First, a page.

Preview: Daysailing a Herreshoff S-Boat – Serenity at Sea

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Long-known for its speed around the race course, the nimble and muscular Herreshoff S-Boat can provide just as much enjoyment on a leisurely day-sail — so when OCH member Mike Coffin offered us the opportunity, we accepted on the spot and were not disappointed.

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14 Responses So Far to “Daysailing a Herreshoff S-Boat – Serenity at Sea

  • Avatar

    Terry Smith says:

    +1 to all the accolades below — including the appreciation of the low-angle shots that run long enough to let us enjoy seeing how easily Silhouette moves through the water. Her wake (i.e., the absence thereof) prompted me to tell my monitor ” I”ve seen kayaks leave more of a fuss than this beauty!”

    I’ve only sailed one Herreshshoff designed hull — a wooden Bullseye that our family had use of for several weeks on Barnegat Bay. It was sixty years ago, and the pure pleasure delivered through its tiller (a true “one pinky” effort) made Mr. Coffin’s similar description all the more poignant. He is a very contented skipper.

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    David Hubbard says:

    I sail mine like that often, just drive around the harbor. Makes for a wonderful afternoon! They also turn very quick with that short keel, (Most of what you see in the picture is actually the rudder coming off the back of it) so I loose very little speed in tacks and mark roundings.

    Keep an eye out for the 2019 100th anniversary of the class! We are planning big regattas at Larchmont and Bristol! We might get 20 – 30 boats on the line!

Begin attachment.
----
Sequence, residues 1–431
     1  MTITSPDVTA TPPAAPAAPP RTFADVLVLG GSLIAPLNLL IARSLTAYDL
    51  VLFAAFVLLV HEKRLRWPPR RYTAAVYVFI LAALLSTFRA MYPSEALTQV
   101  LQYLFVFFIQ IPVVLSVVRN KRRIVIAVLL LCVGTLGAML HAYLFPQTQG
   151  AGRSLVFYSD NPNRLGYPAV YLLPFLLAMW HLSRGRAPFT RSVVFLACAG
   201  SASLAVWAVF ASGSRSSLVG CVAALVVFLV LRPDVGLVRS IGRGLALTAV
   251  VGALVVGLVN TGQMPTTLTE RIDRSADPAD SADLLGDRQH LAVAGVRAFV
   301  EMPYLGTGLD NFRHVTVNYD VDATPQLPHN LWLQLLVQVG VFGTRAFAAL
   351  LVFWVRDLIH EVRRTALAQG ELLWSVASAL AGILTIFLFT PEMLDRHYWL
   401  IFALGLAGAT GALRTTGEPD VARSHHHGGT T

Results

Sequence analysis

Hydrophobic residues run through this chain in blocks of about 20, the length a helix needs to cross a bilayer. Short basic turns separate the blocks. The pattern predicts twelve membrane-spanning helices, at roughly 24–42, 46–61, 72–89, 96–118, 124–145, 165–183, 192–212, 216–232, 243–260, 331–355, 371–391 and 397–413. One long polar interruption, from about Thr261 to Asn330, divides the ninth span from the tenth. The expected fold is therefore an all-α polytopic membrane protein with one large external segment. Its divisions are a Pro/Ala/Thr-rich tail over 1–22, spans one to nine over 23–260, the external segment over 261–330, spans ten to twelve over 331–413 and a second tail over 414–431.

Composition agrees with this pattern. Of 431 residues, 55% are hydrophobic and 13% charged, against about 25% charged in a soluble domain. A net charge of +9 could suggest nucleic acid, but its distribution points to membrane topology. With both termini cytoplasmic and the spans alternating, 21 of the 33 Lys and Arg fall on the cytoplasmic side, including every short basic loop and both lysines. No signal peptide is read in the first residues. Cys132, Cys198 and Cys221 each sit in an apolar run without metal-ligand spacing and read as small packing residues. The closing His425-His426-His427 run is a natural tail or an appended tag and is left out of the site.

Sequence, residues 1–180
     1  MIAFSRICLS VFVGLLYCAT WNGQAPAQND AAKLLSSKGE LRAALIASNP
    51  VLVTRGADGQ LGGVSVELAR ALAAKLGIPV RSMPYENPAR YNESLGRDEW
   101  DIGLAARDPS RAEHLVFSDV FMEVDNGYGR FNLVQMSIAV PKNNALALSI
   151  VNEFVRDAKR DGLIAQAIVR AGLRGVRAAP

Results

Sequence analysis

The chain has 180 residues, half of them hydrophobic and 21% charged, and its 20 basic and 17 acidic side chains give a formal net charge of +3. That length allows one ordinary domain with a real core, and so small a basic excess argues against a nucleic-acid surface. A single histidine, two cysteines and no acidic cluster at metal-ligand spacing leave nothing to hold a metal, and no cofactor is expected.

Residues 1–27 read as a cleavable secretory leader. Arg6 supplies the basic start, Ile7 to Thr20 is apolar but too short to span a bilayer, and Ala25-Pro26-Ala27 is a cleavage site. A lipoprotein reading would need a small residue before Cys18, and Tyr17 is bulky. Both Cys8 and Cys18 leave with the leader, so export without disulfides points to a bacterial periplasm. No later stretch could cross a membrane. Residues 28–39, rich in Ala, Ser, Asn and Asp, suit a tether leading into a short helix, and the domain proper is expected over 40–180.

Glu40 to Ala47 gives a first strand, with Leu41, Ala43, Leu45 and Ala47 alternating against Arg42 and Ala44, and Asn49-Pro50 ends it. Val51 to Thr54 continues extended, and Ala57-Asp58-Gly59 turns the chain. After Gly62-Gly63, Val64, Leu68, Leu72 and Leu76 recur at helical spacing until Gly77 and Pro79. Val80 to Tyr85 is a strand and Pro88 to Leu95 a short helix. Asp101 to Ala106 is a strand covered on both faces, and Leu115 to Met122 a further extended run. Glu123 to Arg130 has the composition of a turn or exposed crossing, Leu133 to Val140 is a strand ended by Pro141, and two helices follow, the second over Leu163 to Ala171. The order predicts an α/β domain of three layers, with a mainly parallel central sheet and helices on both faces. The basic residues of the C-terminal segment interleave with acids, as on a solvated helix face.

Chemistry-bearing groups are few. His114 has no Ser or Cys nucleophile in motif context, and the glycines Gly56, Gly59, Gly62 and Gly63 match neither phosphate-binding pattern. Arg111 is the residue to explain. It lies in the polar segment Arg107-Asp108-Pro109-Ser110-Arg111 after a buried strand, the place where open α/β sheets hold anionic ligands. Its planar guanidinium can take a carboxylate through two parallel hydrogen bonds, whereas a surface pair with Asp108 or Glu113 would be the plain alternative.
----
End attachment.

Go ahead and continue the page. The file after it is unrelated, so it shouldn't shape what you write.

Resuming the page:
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    Ben Emory says:

    I was privileged to race in S boats for a number of summers in the Sorrento fleet — aboard Jacataqua. Sadly, they race no more on Frenchman Bay. The feel of these boats, whether racing or just daysailing, is indeed just wonderful. I much miss the S boat sailing, although my Herreshoff Fish on Eggemoggin Reach is a good substitute.

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    Ian Parry says:

    Beautiful boat. Very similar to our Derwent class….Hobart Tasmania. 26ft small bowsprit. Same underwater shape. Curved mast. Running backstays. First built here in 1930s. About 10 left sailing. We have Merlin 1948 and Titania 1950.
    Will send photos sometime. Regards Ian Parry

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    Thomas Morgan says:

    This is the most effective winter visual therapy for a sailor waiting in southern Ohio for May to arrive.and a return to Maine to launch a boat in the Royal River. Don’t stop!

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    Chad Brown says:

    Herreshoff ,Maynard Bray, and “Into the Mystic”, now that’s heaven.

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    Nathan Bayreuther says: